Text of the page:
Mr. Big Noodles Theory God

    Messages:
    5,084
    Likes Received:
    905
    Joined:
    May 29, 2008
    Location:
    Los Angeles, CA
    I think your efforts would be best spent focusing on one genre at a time. You would be surprised at how many variations you can find on a single idea in even the tiniest corner of a repertoire. Mastery is found in deep involvement, not in breadth. You can use breadth to strengthen your specialization, and your specialization to inform your breadth however.

    Here are some resources that you might want to absorb to help you ask the right questions, be respectful to other traditions, and keep yourself on track:

    Mihaly Csikszentmihaly - Flow, the secret to happiness (TED Talk)


    Thomas Turino - Music as Social Life

    Guillermo Rios - Mastery of the Flamenco Guitar (Vol.1)


    Accompanying PDF to the above.

    I can get back to you later about theory stuff. You say that you already know music theory. Care to elaborate?
     
  7. LavaScript

    LavaScript Spicy Basil Pesto

    Messages:
    12
    Likes Received:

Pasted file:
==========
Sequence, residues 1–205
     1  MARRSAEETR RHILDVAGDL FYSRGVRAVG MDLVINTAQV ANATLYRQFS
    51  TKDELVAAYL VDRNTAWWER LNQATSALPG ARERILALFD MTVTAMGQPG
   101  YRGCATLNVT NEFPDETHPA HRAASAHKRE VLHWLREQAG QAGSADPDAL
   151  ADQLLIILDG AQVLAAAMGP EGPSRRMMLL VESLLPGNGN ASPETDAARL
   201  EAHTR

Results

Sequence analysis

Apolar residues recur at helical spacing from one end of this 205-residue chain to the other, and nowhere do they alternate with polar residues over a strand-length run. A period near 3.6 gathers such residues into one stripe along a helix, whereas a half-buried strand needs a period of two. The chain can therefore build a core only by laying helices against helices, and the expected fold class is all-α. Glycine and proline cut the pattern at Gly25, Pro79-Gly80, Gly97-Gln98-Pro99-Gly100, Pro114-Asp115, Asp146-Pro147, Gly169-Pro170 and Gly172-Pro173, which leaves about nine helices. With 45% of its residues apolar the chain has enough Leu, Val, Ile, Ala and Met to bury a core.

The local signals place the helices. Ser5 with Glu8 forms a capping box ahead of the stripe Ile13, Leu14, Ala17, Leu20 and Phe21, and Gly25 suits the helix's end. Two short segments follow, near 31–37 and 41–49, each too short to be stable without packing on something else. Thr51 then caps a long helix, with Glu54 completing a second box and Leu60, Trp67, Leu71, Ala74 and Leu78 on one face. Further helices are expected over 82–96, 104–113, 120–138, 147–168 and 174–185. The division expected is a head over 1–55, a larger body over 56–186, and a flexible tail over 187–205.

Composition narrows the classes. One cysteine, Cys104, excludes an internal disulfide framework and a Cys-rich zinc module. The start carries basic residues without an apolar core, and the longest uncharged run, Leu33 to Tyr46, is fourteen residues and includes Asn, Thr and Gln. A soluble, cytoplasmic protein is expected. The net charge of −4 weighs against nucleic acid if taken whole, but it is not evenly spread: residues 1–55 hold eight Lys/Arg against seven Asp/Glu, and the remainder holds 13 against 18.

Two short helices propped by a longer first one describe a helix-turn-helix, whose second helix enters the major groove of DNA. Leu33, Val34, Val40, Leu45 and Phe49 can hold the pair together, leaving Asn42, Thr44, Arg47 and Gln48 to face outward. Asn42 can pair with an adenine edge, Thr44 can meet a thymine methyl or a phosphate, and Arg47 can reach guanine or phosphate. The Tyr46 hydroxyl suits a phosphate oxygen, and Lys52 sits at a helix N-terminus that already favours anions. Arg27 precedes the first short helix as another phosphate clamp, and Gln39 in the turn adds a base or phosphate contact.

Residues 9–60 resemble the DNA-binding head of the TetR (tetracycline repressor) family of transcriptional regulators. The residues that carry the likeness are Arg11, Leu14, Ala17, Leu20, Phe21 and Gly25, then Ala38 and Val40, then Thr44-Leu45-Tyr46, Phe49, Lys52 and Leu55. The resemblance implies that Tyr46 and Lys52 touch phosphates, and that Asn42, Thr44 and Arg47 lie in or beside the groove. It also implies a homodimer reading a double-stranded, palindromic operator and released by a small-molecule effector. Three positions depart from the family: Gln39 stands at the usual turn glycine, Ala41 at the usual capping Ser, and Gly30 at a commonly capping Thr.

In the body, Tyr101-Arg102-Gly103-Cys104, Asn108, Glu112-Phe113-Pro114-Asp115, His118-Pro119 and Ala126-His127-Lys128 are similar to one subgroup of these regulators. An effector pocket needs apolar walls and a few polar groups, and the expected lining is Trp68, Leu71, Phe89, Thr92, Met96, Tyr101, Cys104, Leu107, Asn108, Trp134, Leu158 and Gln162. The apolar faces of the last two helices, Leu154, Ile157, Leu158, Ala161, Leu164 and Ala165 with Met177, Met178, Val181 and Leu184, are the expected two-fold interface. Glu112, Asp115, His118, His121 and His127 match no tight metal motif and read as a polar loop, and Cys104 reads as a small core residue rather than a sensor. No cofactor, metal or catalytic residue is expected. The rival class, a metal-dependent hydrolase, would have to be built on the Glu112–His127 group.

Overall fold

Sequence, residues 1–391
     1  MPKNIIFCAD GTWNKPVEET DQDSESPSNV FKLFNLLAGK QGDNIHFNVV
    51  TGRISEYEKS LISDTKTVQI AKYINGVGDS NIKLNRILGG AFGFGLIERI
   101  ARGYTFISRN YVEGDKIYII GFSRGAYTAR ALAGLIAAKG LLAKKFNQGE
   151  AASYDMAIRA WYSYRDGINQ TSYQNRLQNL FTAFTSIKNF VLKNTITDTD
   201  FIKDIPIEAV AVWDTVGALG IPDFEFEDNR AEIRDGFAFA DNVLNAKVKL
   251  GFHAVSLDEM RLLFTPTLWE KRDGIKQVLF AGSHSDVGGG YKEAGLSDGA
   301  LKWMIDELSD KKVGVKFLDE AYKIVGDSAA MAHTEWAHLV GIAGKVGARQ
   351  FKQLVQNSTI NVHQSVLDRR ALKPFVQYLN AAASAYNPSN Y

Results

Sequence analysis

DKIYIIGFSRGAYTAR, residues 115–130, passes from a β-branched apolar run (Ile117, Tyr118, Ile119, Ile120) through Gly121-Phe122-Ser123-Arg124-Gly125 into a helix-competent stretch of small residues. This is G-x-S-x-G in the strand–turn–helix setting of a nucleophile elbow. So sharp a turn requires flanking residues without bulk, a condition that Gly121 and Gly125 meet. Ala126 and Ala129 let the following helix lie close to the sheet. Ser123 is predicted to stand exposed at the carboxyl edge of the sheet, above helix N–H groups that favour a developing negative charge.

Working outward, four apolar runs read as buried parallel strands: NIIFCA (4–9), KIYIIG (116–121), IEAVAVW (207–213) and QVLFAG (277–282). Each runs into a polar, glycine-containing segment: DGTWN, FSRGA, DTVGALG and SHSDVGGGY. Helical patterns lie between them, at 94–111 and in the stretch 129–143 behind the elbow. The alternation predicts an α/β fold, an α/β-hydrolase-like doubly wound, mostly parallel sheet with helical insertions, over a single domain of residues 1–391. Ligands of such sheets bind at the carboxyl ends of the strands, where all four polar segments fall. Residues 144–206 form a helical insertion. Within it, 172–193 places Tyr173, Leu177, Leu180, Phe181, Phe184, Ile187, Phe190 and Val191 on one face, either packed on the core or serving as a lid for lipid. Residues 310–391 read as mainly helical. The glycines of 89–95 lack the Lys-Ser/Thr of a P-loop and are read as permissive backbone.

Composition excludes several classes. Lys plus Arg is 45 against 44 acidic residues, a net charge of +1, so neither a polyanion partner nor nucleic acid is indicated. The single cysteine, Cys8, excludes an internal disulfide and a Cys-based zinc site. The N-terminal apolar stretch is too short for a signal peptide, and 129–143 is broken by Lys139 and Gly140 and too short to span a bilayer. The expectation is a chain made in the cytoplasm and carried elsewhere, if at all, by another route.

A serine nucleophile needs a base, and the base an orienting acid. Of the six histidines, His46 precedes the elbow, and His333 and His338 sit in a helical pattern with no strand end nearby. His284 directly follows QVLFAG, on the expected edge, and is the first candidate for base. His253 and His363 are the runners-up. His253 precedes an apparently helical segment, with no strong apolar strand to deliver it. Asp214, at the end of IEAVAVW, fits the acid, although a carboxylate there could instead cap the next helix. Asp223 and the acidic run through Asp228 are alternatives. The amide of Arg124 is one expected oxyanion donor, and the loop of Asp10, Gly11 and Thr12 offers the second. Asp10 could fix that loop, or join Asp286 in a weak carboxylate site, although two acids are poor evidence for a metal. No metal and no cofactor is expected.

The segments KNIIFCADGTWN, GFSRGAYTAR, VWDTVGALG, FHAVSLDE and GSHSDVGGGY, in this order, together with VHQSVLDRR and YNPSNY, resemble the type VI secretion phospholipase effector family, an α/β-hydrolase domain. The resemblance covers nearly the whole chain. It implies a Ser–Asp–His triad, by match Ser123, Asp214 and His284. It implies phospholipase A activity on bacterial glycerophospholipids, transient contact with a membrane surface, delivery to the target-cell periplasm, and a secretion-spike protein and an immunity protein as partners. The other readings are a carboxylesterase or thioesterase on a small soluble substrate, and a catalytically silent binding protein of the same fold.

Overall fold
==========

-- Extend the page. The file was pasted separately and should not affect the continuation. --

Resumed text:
0
    Joined:
    Jan 10, 2016
    Location:
    Orlando, Florida
    Hey man I think I can help you big time. I'm currently a junior in high school taking ap music theory, I bring this up not to brag but to explain what my stance with guitar was for a while. I bit off more than I could chew. You say you know theory, which is great but how far have you gone with it?

    If you can read sheet music and can do it fairly well then you just need to find a fun, but educational way to apply it to guitar. This was my problem for along time, especially considering I'm a big time metal fan. Metal is a genre that is a unique and can use a lot of theory and interesting techniques, but I think you need to spread your listening a bit.

    There are really three important things to music and songwritting: Rhythm, Melody, and Harmony. Metal tends puts a big emphasis on rhythm, and while many bands like Meshuggah for example have done so much creatively with it you need need to find bands or genres that touch on each of the three. I recommend you even try learning some songs you like that aren't metal. Once your listening and playing is more diverse you will be more open with with understanding is actually making use of the three important things